When my oldest daughter was four, she insisted that the old farmhouse we lived in was a Diamond Castle. I don’t know how she could ignore the ongoing battle we had with termites, the drafts around every doorway, the little “extras” that only a centennial farmhouse could deliver. She didn’t seem to think that the bowed floors or the peeling plaster were a problem with it being considered a Diamond Castle. She must not have had a lot of electronic demands, so the lack of enough outlets must not have been a hurdle.
I could only conclude that Diamond Castles must have creaks and bends and bugs galore. And that’s completely different from what I would have expected. I always thought a Castle would have turrets and spotless floors. When I heard the phrase, I pictured sparkling windows and I smelled baking pies.
To our four-year-old, there weren’t the same limitations. If she could imagine it, it could happen.
That must be what Jesus had in mind when He told His disciples to be like little children. There they were, wondering how He would conquer Rome, and He was trying to explain to them that the Kingdom wasn’t what they had in mind.
They saw a rundown farmhouse, in need of more repairs than they could afford. He knew it was a Diamond Castle.
I don’t blame the disciples for being a little doubtful. I can’t fault them their skepticism. In fact, I relate with them.
So often, in my humble role as a mother, my children will bring me treasures. They’ll hold them up, proof of the impossible, and I’ll shrug, scoff, or laugh. I don’t mean to be cruel; I’m just an adult.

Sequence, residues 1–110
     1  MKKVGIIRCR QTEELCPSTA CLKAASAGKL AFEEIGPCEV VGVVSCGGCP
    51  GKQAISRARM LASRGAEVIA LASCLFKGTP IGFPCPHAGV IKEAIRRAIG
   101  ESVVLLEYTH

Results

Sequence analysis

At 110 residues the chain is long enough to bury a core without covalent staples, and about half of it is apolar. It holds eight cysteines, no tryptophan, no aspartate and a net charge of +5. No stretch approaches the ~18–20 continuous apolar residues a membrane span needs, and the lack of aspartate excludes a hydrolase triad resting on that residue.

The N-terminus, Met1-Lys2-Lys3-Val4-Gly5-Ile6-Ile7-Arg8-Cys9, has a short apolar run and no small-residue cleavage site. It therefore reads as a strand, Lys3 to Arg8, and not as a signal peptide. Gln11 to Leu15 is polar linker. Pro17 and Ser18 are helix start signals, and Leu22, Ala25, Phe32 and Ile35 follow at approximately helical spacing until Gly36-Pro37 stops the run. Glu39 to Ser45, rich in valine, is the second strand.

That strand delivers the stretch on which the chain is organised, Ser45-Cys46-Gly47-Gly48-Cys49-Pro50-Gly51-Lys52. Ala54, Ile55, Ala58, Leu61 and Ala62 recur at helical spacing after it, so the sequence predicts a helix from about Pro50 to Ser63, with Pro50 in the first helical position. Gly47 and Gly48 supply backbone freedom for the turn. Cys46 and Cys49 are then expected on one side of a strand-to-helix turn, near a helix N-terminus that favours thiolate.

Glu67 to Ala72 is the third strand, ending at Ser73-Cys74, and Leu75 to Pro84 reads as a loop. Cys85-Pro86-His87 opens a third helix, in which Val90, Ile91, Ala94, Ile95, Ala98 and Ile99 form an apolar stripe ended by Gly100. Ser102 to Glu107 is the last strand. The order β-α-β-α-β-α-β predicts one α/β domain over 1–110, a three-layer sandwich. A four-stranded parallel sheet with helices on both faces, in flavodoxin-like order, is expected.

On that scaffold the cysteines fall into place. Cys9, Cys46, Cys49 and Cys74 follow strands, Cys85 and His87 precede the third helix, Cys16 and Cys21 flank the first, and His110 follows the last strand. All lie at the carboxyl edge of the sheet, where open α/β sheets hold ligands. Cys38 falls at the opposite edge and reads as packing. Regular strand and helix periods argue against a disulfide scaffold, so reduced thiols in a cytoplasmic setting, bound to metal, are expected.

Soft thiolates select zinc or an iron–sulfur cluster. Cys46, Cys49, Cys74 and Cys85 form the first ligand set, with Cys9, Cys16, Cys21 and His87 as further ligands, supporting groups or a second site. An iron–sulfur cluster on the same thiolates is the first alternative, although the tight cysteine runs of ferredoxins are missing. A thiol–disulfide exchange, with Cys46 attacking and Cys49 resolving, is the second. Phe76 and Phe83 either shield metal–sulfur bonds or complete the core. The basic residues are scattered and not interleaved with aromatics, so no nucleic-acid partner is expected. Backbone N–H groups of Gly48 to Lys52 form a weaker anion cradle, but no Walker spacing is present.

This natural cynicism often crops up when I first read a story of the adventures of long ago, especially one that involves knights. Don’t get me wrong — I love them dearly. I want to hear all about their exploits and how they managed to best the foe. I want to see them win the princess’s hand and hear all about “happily ever after.”
After all, I’m the mom of two princesses, and they come by it naturally enough.
It was near 1134 when three knights, all lords of Eppes, left for the Crusades to defend Christ’s tomb in the Holy Land. They were captured in an ambush and taken as prisoners to Cairo, Egypt.
They couldn’t have been the first knights the sultan had captured, and maybe he had made a game of getting the crusaders to renounce their Lord for their freedom. I imagine the sultan luring them with all sorts of treats, from food to comfort to romance. He might have sent his wisest philosophers and scribes to battle reason with the knights, when all else failed.
As the king, he wouldn’t want to be stumped by foreign prisoners. By now, everyone knows about this little game…and the fact that he’s losing it.
And so, unable to think of anything else to try, the sultan sends his daughter to persuade the three Eppes lords.
By this time, I wonder if the knights accepted that they would probably never see their homeland again. I wonder what sort of prayers they were praying, and I have no doubt that they were invoking Mary, among many other saints, for strength and courage.
In walks the lovely Princess Ismerie. What could she have been thinking? Were they in the dungeon or in some beautiful sitting room? Was she looking forward to convincing the knights, or was she an unwilling instrument to her father’s plans?
Religion must have come up in their conversation, at some point, because the knights have a chance to tell her that Jesus, the Son of Mary, is the Son of God.
Was there a pause? Had he blurted it out accidentally? Were they worried that she would get angry, get up, order them killed?
Whatever the moment was like, we know that the princess asked to see Jesus and Mary.
After all, there’s nothing like a good picture to convince you.
The knights were in a bind. How could they possibly deliver an image to Princess Ismerie?
They did what anyone in their position would do — they pleaded with the angels and saints in heaven. We’re told that they prayed all through the night. At some point, an angel came, carrying a small statue of Mary holding Jesus.
image: Our Lady of Liesse/Wikimedia Commons